The extent to which apocalypticism pervades human culture across space and time, history and geography, was surprising to me. All one needs is the right glasses to see this ubiquitous phenomenon. In fact, many scholars of apocalyptic movements habitually lament that the subject is neglected by both academics and the public. Some have even argued that the most significant struggles throughout history, and in our present era, have been nontrivially fueled by antagonistic eschatological beliefs. In The End, I refer to this as the “clash of eschatologies” — a phenomenon I distinguish from Samuel P. Huntington’s famous “clash of civilizations.”
Do irrational end-of-the-world claims make the public less likely to take seriously more realistic threats such as an asteroid strike, nuclear war, or a killer virus?
The long history of prophetic failure in religious traditions does lead some to dismiss the warnings of scientists. People say, “Yes, but every generation has thought that it’s the last.” What’s crucial to recognize here is the epistemological difference between religion and science. Whereas religious prophecies are based on faith and revelation, the warnings of scientists come from evidence and reason. In a phrase, wise people always proportion their fears to the evidence. And when the evidence is honestly examined, the risk of an existential catastrophe appears surprisingly high — perhaps close to 50%, according to Sir Martin Rees.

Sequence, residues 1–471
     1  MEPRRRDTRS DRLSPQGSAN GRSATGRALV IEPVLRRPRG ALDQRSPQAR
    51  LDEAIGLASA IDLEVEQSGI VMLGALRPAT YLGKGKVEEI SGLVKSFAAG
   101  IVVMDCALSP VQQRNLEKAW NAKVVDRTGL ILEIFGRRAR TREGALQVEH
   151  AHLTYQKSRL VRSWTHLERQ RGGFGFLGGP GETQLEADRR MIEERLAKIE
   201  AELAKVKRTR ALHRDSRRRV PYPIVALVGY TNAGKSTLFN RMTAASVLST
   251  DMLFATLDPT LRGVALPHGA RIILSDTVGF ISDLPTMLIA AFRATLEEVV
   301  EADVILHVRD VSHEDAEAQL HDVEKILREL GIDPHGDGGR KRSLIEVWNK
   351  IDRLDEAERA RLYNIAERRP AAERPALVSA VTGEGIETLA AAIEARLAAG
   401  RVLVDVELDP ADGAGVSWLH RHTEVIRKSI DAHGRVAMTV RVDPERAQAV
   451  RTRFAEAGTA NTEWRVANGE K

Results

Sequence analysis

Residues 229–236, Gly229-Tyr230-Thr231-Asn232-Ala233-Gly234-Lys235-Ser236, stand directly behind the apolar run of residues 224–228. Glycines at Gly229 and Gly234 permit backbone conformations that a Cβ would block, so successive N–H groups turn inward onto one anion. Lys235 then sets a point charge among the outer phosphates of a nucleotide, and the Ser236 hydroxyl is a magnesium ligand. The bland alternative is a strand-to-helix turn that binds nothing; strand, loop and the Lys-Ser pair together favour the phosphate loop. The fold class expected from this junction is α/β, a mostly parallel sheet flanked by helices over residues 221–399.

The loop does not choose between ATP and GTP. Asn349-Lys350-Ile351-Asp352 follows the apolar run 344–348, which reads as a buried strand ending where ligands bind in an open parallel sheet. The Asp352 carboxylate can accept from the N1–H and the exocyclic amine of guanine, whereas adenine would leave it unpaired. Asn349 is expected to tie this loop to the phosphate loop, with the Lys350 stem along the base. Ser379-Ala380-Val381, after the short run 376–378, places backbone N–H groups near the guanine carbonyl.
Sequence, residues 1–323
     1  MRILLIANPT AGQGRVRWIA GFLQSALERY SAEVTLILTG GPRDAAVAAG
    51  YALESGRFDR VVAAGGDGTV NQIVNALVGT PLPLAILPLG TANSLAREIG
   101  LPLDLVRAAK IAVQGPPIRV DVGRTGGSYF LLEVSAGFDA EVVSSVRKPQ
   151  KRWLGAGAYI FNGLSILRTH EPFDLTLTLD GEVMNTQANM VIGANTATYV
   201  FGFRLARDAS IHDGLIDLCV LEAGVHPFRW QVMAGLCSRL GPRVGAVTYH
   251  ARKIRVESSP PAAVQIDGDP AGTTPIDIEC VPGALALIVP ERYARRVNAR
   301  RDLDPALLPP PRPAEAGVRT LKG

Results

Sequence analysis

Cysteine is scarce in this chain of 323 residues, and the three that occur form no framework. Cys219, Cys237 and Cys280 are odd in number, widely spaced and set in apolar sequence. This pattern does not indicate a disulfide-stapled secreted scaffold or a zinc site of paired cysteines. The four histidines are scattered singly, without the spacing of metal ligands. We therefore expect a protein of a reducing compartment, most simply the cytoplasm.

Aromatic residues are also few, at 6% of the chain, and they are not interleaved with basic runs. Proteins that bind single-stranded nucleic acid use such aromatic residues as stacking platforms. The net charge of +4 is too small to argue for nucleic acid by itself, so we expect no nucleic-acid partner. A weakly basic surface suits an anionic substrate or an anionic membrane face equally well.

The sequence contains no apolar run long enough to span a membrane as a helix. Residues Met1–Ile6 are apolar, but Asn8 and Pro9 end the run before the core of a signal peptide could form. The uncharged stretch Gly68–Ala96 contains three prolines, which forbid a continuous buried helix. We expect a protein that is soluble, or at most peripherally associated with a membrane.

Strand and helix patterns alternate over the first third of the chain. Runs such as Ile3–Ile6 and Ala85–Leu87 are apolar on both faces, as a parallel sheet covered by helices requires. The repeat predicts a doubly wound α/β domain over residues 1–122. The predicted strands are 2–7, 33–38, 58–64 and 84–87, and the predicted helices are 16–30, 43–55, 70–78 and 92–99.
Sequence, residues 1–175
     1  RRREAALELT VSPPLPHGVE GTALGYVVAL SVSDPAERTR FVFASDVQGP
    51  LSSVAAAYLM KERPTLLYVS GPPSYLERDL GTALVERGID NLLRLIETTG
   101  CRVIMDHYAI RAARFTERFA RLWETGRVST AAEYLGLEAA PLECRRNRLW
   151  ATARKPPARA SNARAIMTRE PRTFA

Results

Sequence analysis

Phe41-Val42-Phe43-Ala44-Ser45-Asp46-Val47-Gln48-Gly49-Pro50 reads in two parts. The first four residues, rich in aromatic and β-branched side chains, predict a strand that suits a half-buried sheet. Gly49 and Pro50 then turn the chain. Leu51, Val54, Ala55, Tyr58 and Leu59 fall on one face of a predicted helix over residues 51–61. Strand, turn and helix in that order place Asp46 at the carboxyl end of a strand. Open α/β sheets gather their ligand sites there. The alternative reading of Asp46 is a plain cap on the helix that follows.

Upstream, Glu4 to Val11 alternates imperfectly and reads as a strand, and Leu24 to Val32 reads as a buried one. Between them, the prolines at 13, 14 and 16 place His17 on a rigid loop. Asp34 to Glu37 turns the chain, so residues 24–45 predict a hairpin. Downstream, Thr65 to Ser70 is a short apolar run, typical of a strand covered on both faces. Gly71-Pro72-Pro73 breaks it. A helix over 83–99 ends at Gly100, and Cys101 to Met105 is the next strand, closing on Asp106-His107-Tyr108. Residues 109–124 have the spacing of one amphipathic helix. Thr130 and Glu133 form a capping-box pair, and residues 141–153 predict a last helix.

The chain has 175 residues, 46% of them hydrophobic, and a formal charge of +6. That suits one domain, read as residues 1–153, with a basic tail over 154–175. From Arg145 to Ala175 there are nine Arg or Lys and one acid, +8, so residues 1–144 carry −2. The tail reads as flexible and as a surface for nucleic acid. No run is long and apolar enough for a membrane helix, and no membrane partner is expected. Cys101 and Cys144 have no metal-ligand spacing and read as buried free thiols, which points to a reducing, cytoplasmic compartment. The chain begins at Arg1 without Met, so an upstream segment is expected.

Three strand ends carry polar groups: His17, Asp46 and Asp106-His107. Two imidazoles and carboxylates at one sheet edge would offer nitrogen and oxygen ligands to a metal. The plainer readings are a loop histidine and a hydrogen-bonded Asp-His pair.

Just how fragile are we? There are more than seven billion of us and we are extremely smart and creative. It seems our extinction would take some real work.
To be sure, eliminating every last human would be an extraordinary event. Consider the uncontacted tribes in the Brazilian Amazon or the roughly 60 people living in Las Estrellas, Antarctica. Yet some of the doomsday scenarios that have been proposed, such as the “gray goo” scenario (nanotechnology run amok), really are global in scope, meaning that they’d affect everyone on Earth. Others, like a catastrophic vacuum decay, could be genuinely cosmic. It’s also worth noting here that an “existential risk” need not have terminal consequences. There are some existential risk scenarios that are survivable, yet they result in an irreversible drop in our life-quality or potential to reach a “posthuman” state.
What worries you more, religious terrorism or emerging biotechnologies?